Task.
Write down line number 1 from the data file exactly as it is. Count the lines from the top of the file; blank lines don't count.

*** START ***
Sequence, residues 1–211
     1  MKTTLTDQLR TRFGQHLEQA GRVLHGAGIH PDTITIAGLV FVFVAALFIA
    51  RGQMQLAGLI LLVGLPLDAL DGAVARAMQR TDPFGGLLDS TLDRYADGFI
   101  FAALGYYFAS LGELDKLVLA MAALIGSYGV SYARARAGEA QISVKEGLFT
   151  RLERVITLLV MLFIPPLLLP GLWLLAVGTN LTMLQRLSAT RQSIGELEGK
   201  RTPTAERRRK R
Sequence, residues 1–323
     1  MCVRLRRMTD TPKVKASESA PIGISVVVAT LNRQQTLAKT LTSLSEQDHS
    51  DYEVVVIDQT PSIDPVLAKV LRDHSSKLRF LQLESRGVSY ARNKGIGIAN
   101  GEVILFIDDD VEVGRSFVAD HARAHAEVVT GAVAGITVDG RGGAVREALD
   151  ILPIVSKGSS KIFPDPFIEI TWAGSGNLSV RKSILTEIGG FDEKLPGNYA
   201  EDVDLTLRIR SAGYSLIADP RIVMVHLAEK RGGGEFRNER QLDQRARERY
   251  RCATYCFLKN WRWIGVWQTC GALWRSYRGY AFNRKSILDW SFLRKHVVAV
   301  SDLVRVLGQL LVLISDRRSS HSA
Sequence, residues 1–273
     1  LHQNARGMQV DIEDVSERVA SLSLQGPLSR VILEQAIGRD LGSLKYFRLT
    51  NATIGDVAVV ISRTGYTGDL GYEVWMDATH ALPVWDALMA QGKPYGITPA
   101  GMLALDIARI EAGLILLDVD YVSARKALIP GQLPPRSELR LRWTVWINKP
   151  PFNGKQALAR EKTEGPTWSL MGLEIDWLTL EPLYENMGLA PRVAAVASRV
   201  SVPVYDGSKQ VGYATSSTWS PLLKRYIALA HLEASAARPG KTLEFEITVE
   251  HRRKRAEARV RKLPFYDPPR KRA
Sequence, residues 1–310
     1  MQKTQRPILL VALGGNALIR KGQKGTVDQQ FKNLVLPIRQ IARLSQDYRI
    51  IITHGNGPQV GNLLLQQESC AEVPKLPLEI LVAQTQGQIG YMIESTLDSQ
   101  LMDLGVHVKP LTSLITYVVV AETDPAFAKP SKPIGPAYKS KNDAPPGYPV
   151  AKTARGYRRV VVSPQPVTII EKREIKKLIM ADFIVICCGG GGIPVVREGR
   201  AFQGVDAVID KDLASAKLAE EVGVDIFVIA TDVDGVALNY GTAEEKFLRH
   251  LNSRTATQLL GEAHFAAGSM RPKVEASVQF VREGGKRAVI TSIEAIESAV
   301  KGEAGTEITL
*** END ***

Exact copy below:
Sequence, residues 1–211